locked
Passing reference parameter to return the value? RRS feed

  • Question

  • I've got a program that is to be written using three different methods, one with a return type, one without a return type one with a reference parameter to return the value.

    The first two are set up like this:
    private: System::Void btnConvert_Click(System::Object^  sender, System::EventArgs^  e) {
    // [Programmer-defined method WITHOUT a return type]
    				 //double amount;
    				 //Double::TryParse(txtAmount->Text, amount);
    				 //ConvertIt(amount);
    				 
    // [Programmer-defined method WITH a return type]
                     //double amount,answer;
    		//Double::TryParse(txtAmount->Text, amount);
    		//answer = ConvertIt(amount);
    		//txtAnswer->Text = answer.ToString();
    I'm not understanding the 3rd method which is to use a method with a reference parameter to return
    the value:

    The book has it set up like this:

    private: System::Void btnConvert_Click(System::Object^  sender, System::EventArgs^  e) {
    // [Programmer-defined method with a reference parameterto return the value]
    double amount, answer; Double::TryParse(txtAmount->Text, amount); ConvertIt(amount,answer); txtAnswer->Text = answer.ToString();
    Previously, I was just passing amount to the method where [answer] could be calculated. I don't understand why answer is being passed when it hasn't been calculated?
    Saturday, October 31, 2009 5:35 AM

Answers

  • The 2nd parameter to double::TryParse isn't really a reference parameter, it's an out parameter. This has similar semantics to a reference parameter, but different expectations on usage. Such a thing isn't formalized in C++, only in C++/CLI (and even then, not to the extent that it is in C#).
    • Proposed as answer by Geert van Horrik Saturday, October 31, 2009 4:30 PM
    • Marked as answer by oldyeller Sunday, November 1, 2009 2:30 AM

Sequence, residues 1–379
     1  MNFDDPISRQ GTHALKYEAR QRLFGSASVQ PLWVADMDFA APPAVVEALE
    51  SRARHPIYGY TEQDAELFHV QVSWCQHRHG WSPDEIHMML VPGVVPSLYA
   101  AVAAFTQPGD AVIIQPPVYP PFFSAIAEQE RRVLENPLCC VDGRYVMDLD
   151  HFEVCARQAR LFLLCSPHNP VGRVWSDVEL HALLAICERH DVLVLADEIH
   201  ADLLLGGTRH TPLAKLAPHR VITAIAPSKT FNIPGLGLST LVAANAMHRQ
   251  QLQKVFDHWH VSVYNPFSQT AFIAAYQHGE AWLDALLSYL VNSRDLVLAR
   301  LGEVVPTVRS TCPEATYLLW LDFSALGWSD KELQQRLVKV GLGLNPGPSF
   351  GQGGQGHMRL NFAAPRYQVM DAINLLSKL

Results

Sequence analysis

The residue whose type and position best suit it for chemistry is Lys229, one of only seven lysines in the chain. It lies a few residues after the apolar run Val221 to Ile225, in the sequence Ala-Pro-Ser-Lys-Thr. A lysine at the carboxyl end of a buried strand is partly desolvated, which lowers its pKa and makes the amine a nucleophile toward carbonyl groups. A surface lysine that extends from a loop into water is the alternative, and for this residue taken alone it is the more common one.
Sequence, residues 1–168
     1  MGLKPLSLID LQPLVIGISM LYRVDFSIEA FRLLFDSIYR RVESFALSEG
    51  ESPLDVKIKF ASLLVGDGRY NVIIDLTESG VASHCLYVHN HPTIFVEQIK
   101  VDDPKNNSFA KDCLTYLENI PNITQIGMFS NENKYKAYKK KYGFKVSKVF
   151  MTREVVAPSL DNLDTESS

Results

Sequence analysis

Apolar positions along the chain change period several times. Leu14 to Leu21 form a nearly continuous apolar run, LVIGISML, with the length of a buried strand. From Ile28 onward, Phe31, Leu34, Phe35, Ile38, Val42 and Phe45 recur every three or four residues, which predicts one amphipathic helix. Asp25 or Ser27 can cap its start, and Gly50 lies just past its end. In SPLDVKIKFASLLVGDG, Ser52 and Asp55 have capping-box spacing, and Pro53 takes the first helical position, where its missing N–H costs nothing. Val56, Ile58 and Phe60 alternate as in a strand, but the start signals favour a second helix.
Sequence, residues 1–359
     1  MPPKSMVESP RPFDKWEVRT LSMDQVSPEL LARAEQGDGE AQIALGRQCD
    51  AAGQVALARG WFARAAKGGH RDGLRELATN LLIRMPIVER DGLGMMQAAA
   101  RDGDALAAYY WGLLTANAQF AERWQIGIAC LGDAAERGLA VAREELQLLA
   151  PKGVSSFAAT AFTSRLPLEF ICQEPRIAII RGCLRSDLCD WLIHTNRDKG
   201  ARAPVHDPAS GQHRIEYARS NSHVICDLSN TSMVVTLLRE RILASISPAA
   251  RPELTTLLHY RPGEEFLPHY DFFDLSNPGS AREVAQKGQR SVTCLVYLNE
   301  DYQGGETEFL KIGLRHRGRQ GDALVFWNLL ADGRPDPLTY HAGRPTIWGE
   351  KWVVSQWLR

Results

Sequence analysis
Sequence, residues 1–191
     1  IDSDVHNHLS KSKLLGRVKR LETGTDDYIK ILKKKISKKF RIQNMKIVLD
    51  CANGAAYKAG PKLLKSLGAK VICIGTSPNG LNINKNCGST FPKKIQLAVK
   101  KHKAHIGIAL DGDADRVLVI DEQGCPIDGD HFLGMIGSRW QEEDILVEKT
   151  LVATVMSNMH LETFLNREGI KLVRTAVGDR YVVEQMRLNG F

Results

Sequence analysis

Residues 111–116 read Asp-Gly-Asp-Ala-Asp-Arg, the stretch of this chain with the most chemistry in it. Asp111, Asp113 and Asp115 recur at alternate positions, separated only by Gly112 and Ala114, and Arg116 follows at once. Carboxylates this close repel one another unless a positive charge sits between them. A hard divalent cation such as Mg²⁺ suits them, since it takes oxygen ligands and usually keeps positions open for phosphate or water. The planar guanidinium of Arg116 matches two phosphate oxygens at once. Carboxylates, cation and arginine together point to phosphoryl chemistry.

Saturday, October 31, 2009 8:42 AM

All replies

  • The 2nd parameter to double::TryParse isn't really a reference parameter, it's an out parameter. This has similar semantics to a reference parameter, but different expectations on usage. Such a thing isn't formalized in C++, only in C++/CLI (and even then, not to the extent that it is in C#).
    • Proposed as answer by Geert van Horrik Saturday, October 31, 2009 4:30 PM
    • Marked as answer by oldyeller Sunday, November 1, 2009 2:30 AM
    Saturday, October 31, 2009 8:42 AM
  • Sorry, I'm not understanding. I'm only parsing and then passing the amount since the answer depends on the amount to be calculated.

    When I used the programmer method without a return type. I was just passing the amount. Like the code below:

    private: System::Void btnConvert_Click(System::Object^  sender, System::EventArgs^  e) {
    
    // [Programmer-defined method WITHOUT a return type]
    //double amount;
    //Double::TryParse(txtAmount->Text, amount);
    //ConvertIt(amount);

    I was then passing amount to the function ConvertIt, which is below:

     private: void ConvertIt(double dis_amount)
    //{
    
    // [Programmer-defined method WITHOUT a return type]
    //private: void ConvertIt(double dis_amount)
    //{
    //double answer;
    
    //if (cboFrom->Text == "millimeter" && cboTo->Text == "inch")
    //	 answer = dis_amount / 25.4;
    I don't really understand setting up the function with this reference parameter to return a value when answer is one of the parameters being passed. I can understand it being passed to a display or output function but I don't understand how they are using it here. I know this must be a good logical reason for setting it up the way they are asking but I don't understand it.
    Saturday, October 31, 2009 5:04 PM
  • I don't really understand setting up the function with this reference parameter to return a value when answer is one of the parameters being passed. I can understand it being passed to a display or output function but I don't understand how they are using it here. I know this must be a good logical reason for setting it up the way they are asking but I don't understand it.


    I have no clue what your question is. answer isn't being passed anywhere in the code you've shown in this post.
    Saturday, October 31, 2009 5:57 PM